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Spotlight as Best Picture?


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#1 Gregory Irwin

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Posted 29 February 2016 - 11:28 PM

Why was Spotlight Best Picture? Was it due to its cinematic prowess, social responsibility or its political relevance? Just curious...

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#2 Tyler Purcell

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Posted 29 February 2016 - 11:55 PM

I think it's the political nature of the film AND it's award-winning ensemble cast.

It worked well on many levels and lets face it, out of the nominees, what else would have won?
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#3 Gregg MacPherson

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Posted 01 March 2016 - 12:00 AM

I haven't seen the movie,  but I noticed the trailers.  It is an extremely compelling theme.  The context is within real life.  Legitimate,  meaningful conflict...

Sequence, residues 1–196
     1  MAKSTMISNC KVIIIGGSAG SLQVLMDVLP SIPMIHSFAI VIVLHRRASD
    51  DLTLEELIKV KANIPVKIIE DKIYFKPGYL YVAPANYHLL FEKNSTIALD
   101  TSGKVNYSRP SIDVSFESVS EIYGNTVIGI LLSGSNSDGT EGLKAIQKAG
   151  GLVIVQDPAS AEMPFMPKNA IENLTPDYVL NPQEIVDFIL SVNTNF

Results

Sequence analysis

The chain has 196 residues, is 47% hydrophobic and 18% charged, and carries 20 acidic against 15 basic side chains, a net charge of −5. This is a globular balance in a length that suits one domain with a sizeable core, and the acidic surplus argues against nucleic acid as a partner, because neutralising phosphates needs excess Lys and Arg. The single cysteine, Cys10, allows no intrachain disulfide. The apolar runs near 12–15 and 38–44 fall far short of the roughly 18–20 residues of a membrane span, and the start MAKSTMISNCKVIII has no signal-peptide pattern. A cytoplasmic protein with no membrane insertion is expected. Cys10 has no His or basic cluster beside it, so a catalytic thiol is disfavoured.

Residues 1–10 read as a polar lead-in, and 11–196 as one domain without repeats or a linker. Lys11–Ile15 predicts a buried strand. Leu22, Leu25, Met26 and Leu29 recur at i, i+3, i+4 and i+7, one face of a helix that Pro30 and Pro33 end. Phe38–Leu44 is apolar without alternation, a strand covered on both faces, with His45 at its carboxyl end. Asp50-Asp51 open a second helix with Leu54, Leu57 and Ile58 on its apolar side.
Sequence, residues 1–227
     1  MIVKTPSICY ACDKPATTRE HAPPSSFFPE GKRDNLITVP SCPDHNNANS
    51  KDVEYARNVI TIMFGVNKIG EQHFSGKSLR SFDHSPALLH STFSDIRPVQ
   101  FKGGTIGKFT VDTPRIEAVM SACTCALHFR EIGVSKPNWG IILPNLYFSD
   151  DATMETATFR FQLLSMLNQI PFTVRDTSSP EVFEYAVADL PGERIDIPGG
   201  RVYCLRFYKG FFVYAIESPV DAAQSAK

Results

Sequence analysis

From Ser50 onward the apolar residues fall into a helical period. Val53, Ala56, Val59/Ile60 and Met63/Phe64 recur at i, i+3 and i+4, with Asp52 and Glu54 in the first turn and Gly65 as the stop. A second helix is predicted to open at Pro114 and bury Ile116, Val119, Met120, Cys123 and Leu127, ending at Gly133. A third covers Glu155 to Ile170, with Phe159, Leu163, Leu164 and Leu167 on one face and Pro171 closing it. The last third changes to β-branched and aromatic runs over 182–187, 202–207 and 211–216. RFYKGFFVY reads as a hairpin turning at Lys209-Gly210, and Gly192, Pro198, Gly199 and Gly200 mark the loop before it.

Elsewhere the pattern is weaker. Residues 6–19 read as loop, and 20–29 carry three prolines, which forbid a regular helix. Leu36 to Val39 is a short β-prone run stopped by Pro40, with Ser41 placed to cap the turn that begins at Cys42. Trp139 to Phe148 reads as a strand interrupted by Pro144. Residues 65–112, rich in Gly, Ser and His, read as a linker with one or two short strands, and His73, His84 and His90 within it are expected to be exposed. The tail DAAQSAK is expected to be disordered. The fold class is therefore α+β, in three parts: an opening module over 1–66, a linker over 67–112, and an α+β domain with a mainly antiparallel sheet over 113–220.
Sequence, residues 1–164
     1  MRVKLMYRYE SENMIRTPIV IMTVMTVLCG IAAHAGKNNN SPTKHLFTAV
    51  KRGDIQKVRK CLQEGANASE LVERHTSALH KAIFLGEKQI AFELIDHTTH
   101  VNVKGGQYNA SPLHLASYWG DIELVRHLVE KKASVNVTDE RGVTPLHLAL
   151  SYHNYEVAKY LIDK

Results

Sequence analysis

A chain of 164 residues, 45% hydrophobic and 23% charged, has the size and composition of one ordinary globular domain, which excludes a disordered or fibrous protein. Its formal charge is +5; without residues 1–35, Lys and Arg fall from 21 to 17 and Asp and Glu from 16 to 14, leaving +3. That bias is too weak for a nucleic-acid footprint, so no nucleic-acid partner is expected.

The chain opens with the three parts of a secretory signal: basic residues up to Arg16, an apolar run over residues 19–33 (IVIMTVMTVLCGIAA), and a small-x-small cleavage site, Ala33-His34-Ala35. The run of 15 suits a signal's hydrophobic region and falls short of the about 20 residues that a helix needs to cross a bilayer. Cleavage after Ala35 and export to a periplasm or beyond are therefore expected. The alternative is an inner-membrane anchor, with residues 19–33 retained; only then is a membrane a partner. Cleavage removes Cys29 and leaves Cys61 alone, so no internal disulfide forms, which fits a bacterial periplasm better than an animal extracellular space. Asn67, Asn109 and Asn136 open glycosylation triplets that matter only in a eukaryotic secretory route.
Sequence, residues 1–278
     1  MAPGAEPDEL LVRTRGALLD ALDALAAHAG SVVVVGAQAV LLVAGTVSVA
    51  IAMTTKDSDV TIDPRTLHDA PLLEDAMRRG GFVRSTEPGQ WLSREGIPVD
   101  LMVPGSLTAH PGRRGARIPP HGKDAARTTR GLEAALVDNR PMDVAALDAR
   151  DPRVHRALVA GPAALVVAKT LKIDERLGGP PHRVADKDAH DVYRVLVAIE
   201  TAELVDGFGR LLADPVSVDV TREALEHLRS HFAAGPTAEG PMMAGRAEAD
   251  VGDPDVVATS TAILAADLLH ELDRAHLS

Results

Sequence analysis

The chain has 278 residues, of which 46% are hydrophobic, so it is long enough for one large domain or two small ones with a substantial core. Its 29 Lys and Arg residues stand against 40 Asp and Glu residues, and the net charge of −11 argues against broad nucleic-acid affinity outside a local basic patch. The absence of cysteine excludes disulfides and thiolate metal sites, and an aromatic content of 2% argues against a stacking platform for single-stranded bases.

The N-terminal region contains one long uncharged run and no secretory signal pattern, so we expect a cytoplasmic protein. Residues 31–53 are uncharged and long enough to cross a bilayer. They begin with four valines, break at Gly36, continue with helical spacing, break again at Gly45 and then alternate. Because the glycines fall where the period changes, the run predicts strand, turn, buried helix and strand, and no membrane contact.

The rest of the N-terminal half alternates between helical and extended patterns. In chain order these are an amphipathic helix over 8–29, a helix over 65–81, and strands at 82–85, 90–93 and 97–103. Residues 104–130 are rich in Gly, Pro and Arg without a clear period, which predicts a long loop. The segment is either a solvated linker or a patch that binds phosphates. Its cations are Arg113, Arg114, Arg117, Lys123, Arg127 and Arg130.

Hey,  who's that guy in the tux?  Are you making an award speach or some such? (don't know which emoticon to choose but that is pretty cool)


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#4 Manu Delpech

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Posted 01 March 2016 - 04:24 AM

All three Greg I'd say, it's a fantastic film.  Cool photo too ^^


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#5 Ari Michael Leeds

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Posted 01 March 2016 - 10:40 AM

As far as how they UTILIZED their Best Picture, I like to curse and swear, but saying "fu ck yeah," and doing a fist pump, then calling out Pope Francis, for what happened 14 years and two Popes prior to him is like a thrown beer bottle from the cheap seats at the end of a blowout football game.

If you want to come across as concerned for the victims of institutionalized sexual abuse, "fu ck yeah" isn't exactly the way to open a dialogue on that issue.



What I saw confirms my first impressions of the movie, more an attempt at self-aggrandizement than any actual concern.  Like a political stepping stone.  Then again, maybe I am biased because I know many good people who are part of the vast majority of pastors, clergy, Rabbis, Imams.